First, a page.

Schools turn to ‘live streaming’ as teacher deficit bites
Hibernia teacher training college reveals project running where classes taught remotely
Hibernia said the approach was not a replacement for teachers, but had potential to ease difficulties facing students and school principals. Photograph: Google Street View
Some secondary schools are live-streaming video of classes to their pupils because of a shortage of qualified teachers in key subjects, an Oireachtas committee has heard.
Hibernia College, one of the biggest providers of teacher education, says it is involved in pilot projects where classes are taught remotely by qualified teachers in real time over the internet.
This was in response to difficulties being reported by some secondary schools in hiring qualified substitute teachers across subjects such as maths, science and languages.
Dr Seán Rowland of Hibernia said the approach was not a replacement for teachers, but had potential to ease difficulties facing students and school principals.
“So, we get a good teacher of maths in Cork, she’s fully qualified and we live stream her to a classroom in Galway to teach maths,” he said. “You have to make sure it’s quality, that the class is productive, that there is discipline and that it is supervised and fulfils the requirement of the Teaching Council. everything has to apply except the teacher is on the other side of the camera.”
Dr Rowland was speaking at a meeting of the Oireachtas committee on education on Tuesday, which examined the impact of teacher shortages in some subject areas.
However, proposals to extend the practice of remote teaching to ease the teacher supply “crisis” drew sharp criticism from a teachers’ union and some TDs .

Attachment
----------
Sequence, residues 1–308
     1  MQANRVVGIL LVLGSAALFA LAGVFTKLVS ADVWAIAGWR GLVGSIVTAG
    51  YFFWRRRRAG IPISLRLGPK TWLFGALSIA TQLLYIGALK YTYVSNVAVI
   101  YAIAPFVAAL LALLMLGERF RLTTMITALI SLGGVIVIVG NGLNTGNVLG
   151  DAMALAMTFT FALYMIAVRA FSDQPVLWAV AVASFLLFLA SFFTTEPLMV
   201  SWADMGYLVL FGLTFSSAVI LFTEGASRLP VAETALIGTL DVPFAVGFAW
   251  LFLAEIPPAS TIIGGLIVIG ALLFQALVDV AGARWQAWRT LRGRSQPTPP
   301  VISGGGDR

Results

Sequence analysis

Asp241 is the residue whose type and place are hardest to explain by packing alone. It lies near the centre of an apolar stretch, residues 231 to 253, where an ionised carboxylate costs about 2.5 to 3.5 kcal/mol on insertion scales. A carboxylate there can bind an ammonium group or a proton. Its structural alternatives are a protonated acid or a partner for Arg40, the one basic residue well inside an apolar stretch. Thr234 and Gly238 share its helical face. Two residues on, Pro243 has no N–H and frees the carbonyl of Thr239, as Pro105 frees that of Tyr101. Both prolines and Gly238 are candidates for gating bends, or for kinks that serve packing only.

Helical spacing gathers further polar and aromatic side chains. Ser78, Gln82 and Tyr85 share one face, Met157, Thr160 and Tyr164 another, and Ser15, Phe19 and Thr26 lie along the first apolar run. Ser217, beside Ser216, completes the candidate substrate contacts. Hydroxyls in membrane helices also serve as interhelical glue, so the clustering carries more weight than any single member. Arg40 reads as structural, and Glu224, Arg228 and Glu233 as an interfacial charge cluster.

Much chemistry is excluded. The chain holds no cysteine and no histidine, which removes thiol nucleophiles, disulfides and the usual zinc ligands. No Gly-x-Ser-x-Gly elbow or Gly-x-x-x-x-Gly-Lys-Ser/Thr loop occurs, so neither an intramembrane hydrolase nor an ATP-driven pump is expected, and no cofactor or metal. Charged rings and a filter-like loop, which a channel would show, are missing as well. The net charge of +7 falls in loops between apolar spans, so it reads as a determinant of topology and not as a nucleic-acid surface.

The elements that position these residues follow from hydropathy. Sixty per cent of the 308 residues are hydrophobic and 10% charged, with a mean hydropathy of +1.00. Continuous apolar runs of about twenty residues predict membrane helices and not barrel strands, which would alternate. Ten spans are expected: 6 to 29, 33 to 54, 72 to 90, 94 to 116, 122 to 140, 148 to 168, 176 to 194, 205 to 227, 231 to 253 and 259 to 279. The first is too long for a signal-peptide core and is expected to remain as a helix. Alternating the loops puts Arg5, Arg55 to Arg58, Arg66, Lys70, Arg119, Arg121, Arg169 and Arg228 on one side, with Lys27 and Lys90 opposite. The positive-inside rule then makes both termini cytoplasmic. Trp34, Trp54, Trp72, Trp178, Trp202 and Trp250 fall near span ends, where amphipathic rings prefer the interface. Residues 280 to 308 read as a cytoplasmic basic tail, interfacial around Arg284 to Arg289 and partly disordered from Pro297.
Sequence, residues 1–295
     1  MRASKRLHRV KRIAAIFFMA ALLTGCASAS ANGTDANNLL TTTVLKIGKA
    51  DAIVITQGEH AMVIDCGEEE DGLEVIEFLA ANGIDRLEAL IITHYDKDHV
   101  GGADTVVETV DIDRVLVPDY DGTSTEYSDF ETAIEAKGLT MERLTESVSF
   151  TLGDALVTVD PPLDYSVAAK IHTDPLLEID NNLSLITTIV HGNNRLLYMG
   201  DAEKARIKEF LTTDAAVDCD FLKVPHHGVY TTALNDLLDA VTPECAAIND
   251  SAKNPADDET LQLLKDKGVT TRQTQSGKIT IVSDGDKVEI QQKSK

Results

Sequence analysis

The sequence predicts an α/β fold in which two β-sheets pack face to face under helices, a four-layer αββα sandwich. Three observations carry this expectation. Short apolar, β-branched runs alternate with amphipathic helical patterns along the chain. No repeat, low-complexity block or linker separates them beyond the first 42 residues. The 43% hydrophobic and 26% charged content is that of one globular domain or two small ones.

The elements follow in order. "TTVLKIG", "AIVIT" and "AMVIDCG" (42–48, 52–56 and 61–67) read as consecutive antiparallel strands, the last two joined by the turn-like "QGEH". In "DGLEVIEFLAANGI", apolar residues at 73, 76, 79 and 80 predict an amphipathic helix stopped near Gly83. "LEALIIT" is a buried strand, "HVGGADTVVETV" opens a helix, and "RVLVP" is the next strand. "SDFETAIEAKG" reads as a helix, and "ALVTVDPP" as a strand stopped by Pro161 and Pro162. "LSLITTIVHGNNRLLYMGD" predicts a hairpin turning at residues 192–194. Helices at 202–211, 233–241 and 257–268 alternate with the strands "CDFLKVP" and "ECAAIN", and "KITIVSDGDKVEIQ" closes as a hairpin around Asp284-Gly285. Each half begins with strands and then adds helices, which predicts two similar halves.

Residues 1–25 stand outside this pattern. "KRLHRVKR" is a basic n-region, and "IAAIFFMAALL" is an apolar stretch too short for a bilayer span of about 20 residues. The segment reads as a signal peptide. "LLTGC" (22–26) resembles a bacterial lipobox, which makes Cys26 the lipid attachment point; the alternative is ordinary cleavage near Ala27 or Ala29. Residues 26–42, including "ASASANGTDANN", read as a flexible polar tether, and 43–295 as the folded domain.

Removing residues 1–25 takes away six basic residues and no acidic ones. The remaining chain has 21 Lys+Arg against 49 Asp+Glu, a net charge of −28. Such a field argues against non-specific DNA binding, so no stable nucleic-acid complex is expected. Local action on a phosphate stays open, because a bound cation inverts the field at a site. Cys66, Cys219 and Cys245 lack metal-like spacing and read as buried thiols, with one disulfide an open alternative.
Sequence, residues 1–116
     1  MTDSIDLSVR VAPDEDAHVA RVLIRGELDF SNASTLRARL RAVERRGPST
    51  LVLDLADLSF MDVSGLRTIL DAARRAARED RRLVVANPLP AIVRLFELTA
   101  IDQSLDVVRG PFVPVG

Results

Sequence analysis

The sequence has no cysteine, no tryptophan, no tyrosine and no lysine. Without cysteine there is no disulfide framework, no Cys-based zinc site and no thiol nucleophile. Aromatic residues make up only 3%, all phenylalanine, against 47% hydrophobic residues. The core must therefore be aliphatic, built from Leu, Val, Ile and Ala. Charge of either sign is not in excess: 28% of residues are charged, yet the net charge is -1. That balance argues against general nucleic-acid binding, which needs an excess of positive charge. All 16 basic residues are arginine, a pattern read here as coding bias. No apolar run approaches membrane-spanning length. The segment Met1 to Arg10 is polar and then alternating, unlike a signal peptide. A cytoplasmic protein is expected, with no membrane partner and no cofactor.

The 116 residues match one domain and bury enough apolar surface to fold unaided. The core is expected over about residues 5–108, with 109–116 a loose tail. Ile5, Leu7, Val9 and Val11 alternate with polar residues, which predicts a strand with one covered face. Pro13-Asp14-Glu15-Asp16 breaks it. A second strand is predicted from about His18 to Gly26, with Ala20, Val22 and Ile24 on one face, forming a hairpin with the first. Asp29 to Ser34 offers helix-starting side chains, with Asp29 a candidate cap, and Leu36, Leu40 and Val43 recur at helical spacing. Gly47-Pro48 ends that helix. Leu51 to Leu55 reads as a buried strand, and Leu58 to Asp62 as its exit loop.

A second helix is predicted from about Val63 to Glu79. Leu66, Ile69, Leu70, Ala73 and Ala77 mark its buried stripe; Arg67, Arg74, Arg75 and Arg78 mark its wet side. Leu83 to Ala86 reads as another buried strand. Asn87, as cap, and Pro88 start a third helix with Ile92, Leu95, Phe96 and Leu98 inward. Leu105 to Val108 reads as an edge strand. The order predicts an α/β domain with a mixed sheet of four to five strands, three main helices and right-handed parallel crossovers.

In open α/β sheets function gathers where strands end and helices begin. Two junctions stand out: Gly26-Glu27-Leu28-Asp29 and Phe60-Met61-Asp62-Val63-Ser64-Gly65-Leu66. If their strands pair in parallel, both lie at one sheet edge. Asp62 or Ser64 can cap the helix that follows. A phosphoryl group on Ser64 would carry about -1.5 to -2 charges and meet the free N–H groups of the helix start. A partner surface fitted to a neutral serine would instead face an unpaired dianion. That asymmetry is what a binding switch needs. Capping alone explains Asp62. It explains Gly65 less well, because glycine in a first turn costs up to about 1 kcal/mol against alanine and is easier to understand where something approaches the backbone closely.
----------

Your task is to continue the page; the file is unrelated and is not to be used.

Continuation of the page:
Joanne Irwin of the Teachers’ Union of Ireland said while the approach might work among “highly motivated students in south Dublin”, many schools were trying to ensure students arrived in school in the first place.
Sinn Féin TD Kathleen Funchion said such a move was “completely unacceptable” and that difficulties hiring teachers in some subjects was down to two-tier pay scales across the profession.
However, Independent Senator Lynn Ruane said the proposal had merit in cases where no qualified teachers were available for students.
She said her own daughter did not have access to an Irish teacher for three months and live streaming was better than having no teacher at all.
Dr Rowland asked that members have an open mind and to see the pilot projects in action before dismissing them outright.
Dean of DCU’s institute of education Dr Anne Looney said that having a qualified teacher in the classroom was “by far and away” the best solution. But she said there was merit to schools collaborating and partnering to sharing teaching resources. Some schools, she said, shared teachers in subjects such as physics.
The Joint Managerial Body (JMB), the largest secondary school management body, said it was grateful that teacher shortages were being addressed in a “serious manner” and had been accepted as a “genuine threat to the education of our young people”. However, Fr Paul Connell of the JMB said a number of other steps are needed to tackle the issue.
He said pay rates for retired teachers needed to be improved, while a five-day limit on the use of unregistered teachers was a “disincentive” to potential substitute staff.
Student teachers in the second year of their post-graduate qualification should also be awarded conditional registration status and allowed to take classes on a paid basis.